• 0 Stephanie Zacharek
    What hurts the most is the wholehearted dedication each of these actors brings to such truly horrendous material: they make Life Itself almost watchable – almost –but there’s no effective cure for this kidney stone of a movie. Please, please, just let it pass.
    • 71 Metascore
    • 70 Stephanie Zacharek
    We all make mistakes, and we all have the ability to wound when we’re just trying to be clever: Holofcener makes allowances for all of that. But she always favors warmth over sarcasm. And as if she could read our minds, she puts in her characters’ mouths words that we ourselves have sometimes failed to find the guts to say.
    • 60 Metascore
    • 70 Stephanie Zacharek
    In its best moments, Sierra Burgess, directed by Ian Samuels and written by Lindsey Beer, has the charm of a Shakespearean mistaken-identity gambol.
    • 64 Metascore
    • 40 Stephanie Zacharek
    This new Suspiria is bland, grisly, boring and silly. There is nothing poetic or erotic about it.
    • 79 Metascore
    • 80 Stephanie Zacharek
    It’s effective in a somber way, and as shot by cinematographer Bruno Delbonnel, it’s dazzling to look at, a reinvention of classic literature of the old west with a storybook feel.
    • 88 Metascore
    • 90 Stephanie Zacharek
    It’s wonderful to see a first-time filmmaker who’s more interested in effective storytelling than in impressing us; telling a story effectively is hard enough. Best of all, Cooper has succeeded in making a terrific melodrama for the modern age.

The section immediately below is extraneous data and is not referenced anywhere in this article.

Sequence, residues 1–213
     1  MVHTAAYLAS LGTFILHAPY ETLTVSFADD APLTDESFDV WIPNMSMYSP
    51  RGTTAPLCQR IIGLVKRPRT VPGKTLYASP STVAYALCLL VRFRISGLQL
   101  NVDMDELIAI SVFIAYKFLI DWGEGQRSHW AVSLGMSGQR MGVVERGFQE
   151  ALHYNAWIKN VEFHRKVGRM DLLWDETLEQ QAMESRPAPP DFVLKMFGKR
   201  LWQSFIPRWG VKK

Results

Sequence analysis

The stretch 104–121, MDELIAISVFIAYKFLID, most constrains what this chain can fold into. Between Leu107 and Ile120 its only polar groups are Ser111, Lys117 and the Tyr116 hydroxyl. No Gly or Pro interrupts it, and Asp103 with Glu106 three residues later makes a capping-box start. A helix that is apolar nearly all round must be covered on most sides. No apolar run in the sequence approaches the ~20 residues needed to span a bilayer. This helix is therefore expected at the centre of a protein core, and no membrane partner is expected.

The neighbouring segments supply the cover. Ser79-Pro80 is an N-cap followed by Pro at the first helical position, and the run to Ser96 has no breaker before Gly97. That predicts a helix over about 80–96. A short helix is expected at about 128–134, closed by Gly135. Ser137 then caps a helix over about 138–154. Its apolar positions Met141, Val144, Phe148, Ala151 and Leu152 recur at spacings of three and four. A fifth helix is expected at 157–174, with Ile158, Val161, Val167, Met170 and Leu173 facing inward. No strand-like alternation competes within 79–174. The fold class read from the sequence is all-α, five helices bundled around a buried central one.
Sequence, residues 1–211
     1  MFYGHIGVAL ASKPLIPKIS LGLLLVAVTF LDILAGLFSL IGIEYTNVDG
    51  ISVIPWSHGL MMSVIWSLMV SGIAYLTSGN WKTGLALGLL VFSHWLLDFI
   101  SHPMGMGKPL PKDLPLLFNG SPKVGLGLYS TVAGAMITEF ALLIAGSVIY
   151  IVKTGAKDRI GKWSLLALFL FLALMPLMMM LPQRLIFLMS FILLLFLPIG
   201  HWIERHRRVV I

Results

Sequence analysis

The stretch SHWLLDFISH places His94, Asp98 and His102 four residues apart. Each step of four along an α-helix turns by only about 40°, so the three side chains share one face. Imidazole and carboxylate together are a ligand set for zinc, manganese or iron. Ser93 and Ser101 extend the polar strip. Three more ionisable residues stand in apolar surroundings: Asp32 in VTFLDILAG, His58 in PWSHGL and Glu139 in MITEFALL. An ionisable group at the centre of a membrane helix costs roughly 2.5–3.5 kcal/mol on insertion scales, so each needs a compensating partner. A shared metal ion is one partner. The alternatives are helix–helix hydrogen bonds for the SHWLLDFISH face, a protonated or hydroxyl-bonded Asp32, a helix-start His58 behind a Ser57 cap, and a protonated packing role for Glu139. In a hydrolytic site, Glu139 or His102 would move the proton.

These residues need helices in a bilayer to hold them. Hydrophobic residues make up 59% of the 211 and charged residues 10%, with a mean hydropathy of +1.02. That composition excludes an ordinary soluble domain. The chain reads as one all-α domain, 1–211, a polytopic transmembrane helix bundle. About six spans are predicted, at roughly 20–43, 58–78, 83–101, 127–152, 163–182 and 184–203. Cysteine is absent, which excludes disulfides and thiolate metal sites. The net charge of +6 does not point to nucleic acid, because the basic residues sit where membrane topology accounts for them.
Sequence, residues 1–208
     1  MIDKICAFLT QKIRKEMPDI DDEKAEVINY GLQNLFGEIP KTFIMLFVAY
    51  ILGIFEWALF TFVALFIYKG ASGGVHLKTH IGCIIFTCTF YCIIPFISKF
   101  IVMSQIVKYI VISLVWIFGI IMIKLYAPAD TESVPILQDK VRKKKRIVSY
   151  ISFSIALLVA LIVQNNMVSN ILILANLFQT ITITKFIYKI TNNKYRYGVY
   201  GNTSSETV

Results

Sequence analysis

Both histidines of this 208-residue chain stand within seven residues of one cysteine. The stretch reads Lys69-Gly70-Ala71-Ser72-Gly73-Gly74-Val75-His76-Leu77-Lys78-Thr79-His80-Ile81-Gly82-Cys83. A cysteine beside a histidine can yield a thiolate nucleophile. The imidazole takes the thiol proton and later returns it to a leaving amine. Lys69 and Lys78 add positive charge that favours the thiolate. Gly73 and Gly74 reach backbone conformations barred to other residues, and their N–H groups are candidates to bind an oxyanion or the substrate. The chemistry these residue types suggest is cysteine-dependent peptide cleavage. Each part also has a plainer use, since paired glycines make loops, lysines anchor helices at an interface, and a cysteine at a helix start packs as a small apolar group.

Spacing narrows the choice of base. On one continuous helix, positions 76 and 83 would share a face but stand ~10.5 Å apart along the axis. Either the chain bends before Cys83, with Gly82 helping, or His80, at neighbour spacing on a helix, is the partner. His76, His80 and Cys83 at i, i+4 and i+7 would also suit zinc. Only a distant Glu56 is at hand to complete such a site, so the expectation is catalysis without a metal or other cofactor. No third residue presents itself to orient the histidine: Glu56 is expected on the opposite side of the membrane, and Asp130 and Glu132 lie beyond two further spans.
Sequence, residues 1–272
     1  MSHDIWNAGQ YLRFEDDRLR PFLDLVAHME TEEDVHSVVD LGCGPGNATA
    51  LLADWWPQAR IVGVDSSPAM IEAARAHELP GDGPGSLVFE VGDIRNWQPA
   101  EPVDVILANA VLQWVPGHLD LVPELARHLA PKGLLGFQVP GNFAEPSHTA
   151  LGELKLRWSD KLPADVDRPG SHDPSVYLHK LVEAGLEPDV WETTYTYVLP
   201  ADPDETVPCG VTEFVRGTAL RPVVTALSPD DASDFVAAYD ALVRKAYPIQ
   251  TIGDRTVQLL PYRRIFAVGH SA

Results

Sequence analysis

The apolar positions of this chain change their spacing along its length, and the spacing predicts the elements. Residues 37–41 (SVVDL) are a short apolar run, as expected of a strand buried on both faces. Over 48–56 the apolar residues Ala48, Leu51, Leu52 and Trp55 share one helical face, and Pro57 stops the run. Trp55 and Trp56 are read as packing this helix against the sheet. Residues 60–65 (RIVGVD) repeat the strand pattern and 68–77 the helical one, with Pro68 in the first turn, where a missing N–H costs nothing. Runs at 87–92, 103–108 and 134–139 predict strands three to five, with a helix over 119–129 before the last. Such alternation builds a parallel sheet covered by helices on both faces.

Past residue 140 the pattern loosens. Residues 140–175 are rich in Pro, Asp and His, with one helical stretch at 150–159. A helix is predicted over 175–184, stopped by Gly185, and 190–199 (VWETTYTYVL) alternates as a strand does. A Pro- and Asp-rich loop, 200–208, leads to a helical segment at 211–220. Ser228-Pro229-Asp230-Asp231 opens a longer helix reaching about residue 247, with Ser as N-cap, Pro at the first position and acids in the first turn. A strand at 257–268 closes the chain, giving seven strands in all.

• 90 Metascore
    • 90 Stephanie Zacharek
    The Favourite is a wicked delight, a fantastic little cupcake of a movie laced with thistle frosting.
    • 96 Metascore
    • 100 Stephanie Zacharek
    This glorious, tender picture, a memoir written in film language, is only indirectly about the man who made it. He stands off to the side, in the shadows, beckoning us toward something. Roma is filmmaking as gesture, an invitation to generosity that we perhaps didn’t know we could feel.
    • 84 Metascore
    • 60 Stephanie Zacharek
    This is a respectful movie, even a genuflecting one; there’s never a moment when Chazelle fails to let you know he’s doing important, valuable work. But that’s the problem: The movie feels too fussed-over for such a low-key hero.
    • 74 Metascore
    • 80 Stephanie Zacharek
    The two leads, Wu and Golding, are charming and genuine, and the supporting performers around them keep the whole mad story spinning—this thing is never boring.
    • 65 Metascore
    • 70 Stephanie Zacharek
    It’s simply a movie that makes you feel welcome.
    • 46 Metascore
    • 70 Stephanie Zacharek
    Statham is the real thing, and he’s key to the effectiveness of this good-natured and often highly ridiculous adaptation of Steve Alten’s 1997 sci-fi potboiler.